Mazda is introducing a special edition version of the MX-5 that highlights the connection to motorsport. This Mazda model, which might as well be called “pure driving pleasure,” is destined for the Swiss market. The vehicle is dubbed the MX-5 ‘55 Le Mans name in commemoration of Mazda’s Le Mans victory in 1991.
To those who may not be aware, the name takes its inspiration from the 787B No.55 race car, which Johnny Herbert, Volker Weidler, and Bertrand Gachot drove to victory in 1991.
This title also marks the first win for a Japanese car and the rotary powerplant in the endurance event. Powering the MX-5 ‘55 Le Mans is a 2.0-liter unit that develops 160 hp and is partnered to a six-speed manual gearbox.
Mazda’s engineers gave the car a sports suspension provided by Bilstein, a front strut bar, a limited slip differential (LSD), and a set of 10-spoke lightweight alloy rims.
There are four exterior colors to choose from. It also comes with contrasting stripes (on the sides of the vehicle). To emphasize the MX-5’s racing connection, it features exterior logos and a numbered plaque has been fitted in the cabin.
The third generation Mazda MX-5 replaces the second-generation model with a lighter but stiffer body shell. The brand’s characteristic high flexural and torsional rigidity remains a primary feature. The facelift version is just as lightweight as the original, noting the ideal weight distribution (50:50). The rear-wheel drive layout is also retained along with the multi-link rear suspension systems, front midship engine, and double-wishbone front.
The rear-wheel drive design comes with the robust power plant framework in the unit’s transmission tunnel, which forms a firm connection between the transmission and the rear differential. This, in turn, supports the chassis and suppresses chassis deformation efficient during sports driving. The 2.0-litre manual transmission version is geared with limited slip differential (LSD), which guarantees optimum traction for any driving condition.
The front suspension of the facelift has been revised by Mazda engineers by altering the vertical pivot position of its ball joints, thereby lowering its front roll centre’s height by 26mm. This leads to decreased fluctuations on the outer wheel’s vertical load when cornering. Roll movement due to steering input is also improved to become more linear. In addition, the R&D team has modified the Mazda MX-5 facelift suspension settings so that the unit reacts to driver commands even more precisely, making an instinctive “roll and yaw” feel, thus leading to a superior quality ride. The 'Jinba Ittai' feeling of car control is also enhanced, especially when cornering, thanks to these modifications.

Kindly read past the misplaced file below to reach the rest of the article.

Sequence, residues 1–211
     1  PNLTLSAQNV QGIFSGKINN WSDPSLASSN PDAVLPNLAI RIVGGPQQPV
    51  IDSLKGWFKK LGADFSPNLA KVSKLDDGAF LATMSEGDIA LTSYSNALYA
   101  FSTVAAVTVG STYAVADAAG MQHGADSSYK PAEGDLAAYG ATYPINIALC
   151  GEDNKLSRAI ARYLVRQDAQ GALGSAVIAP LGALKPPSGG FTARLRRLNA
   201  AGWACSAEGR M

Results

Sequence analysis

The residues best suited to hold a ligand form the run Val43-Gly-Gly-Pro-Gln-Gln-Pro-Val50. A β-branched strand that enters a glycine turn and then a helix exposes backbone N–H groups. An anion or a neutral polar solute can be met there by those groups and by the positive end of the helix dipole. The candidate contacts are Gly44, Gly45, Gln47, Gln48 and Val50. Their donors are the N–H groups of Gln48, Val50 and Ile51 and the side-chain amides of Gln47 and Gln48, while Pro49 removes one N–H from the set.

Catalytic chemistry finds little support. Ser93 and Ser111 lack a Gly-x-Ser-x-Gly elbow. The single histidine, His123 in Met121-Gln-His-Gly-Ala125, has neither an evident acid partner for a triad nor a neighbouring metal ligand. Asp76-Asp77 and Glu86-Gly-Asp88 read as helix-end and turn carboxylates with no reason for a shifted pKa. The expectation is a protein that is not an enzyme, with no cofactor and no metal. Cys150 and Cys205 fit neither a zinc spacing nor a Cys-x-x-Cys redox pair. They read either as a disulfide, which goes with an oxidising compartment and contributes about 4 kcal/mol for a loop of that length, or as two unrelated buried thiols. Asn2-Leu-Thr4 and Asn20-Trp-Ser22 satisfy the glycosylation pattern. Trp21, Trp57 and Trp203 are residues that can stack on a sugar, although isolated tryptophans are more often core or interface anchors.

MZR 2.0-litre facelift comes with a 6-speed manual transmission equipped with a sports suspension, just like the Mazda MX-5 original third-generation. Bilstein front and rear dampers are included. The Mazda MX-5 facelift carries the original third-generation’s top-notch active and passive safety system.
Excellent brake pedal response and precise deceleration performance is made possible by the unit’s brake system comprised of ventilated front discs (290 mm) and solid rear discs (280 mm). The dynamic stability control (DSC) as well as the traction control system (TCS) is the latest standard in majority of the European markets.
A tyre pressure monitoring system is a new addition to the line-up but depends on the grade and the market. The recently launched external temperature display updates the driver and ensures safe driving, especially during winter. The passive safety package includes side impact protection, a high-tensile steel cabin, roll-over brace bars made of ultra high tensile materials in the A-pillars, and well-built body floor cross members.
Front airbags with a passenger deactivation feature and custom two-chamber side airbags to protect the head and the thorax are included. When not in use, these are integrated into the unit’s seatback. A common inflator and gas generator activate the airbags by immediately inflating both chambers, faster than single-chamber systems.